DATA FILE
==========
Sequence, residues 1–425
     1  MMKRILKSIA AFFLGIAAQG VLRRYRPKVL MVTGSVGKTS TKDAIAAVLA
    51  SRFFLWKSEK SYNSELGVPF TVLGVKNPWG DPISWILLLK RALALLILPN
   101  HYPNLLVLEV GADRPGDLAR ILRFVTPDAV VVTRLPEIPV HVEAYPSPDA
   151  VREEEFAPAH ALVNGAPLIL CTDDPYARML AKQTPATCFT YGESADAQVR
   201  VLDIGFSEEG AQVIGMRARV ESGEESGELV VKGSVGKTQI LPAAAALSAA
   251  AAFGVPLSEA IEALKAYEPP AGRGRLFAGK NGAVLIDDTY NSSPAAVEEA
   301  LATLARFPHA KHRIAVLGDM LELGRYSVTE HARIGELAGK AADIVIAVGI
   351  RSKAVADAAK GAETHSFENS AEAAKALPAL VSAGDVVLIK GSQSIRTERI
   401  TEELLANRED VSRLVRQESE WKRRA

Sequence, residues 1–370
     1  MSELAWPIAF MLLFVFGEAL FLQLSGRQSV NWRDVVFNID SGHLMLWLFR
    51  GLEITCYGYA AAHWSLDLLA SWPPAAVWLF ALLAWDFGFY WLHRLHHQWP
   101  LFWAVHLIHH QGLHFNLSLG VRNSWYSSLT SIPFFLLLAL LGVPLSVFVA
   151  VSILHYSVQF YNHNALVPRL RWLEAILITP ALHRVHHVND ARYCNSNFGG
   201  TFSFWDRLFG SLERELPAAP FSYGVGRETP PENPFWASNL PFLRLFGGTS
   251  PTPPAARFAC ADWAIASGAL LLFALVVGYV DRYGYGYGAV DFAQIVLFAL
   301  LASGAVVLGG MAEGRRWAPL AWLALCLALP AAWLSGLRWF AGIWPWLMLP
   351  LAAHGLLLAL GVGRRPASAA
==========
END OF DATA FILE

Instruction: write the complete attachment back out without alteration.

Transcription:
Sequence, residues 1–425
     1  MMKRILKSIA AFFLGIAAQG VLRRYRPKVL MVTGSVGKTS TKDAIAAVLA
    51  SRFFLWKSEK SYNSELGVPF TVLGVKNPWG DPISWILLLK RALALLILPN
   101  HYPNLLVLEV GADRPGDLAR ILRFVTPDAV VVTRLPEIPV HVEAYPSPDA
   151  VREEEFAPAH ALVNGAPLIL CTDDPYARML AKQTPATCFT YGESADAQVR
   201  VLDIGFSEEG AQVIGMRARV ESGEESGELV VKGSVGKTQI LPAAAALSAA
   251  AAFGVPLSEA IEALKAYEPP AGRGRLFAGK NGAVLIDDTY NSSPAAVEEA
   301  LATLARFPHA KHRIAVLGDM LELGRYSVTE HARIGELAGK AADIVIAVGI
   351  RSKAVADAAK GAETHSFENS AEAAKALPAL VSAGDVVLIK GSQSIRTERI
   401  TEELLANRED VSRLVRQESE WKRRA

Sequence, residues 1–370
     1  MSELAWPIAF MLLFVFGEAL FLQLSGRQSV NWRDVVFNID SGHLMLWLFR
    51  GLEITCYGYA AAHWSLDLLA SWPPAAVWLF ALLAWDFGFY WLHRLHHQWP
   101  LFWAVHLIHH QGLHFNLSLG VRNSWYSSLT SIPFFLLLAL LGVPLSVFVA
   151  VSILHYSVQF YNHNALVPRL RWLEAILITP ALHRVHHVND ARYCNSNFGG
   201  TFSFWDRLFG SLERELPAAP FSYGVGRETP PENPFWASNL PFLRLFGGTS
   251  PTPPAARFAC ADWAIASGAL LLFALVVGYV DRYGYGYGAV DFAQIVLFAL
   301  LASGAVVLGG MAEGRRWAPL AWLALCLALP AAWLSGLRWF AGIWPWLMLP
   351  LAAHGLLLAL GVGRRPASAA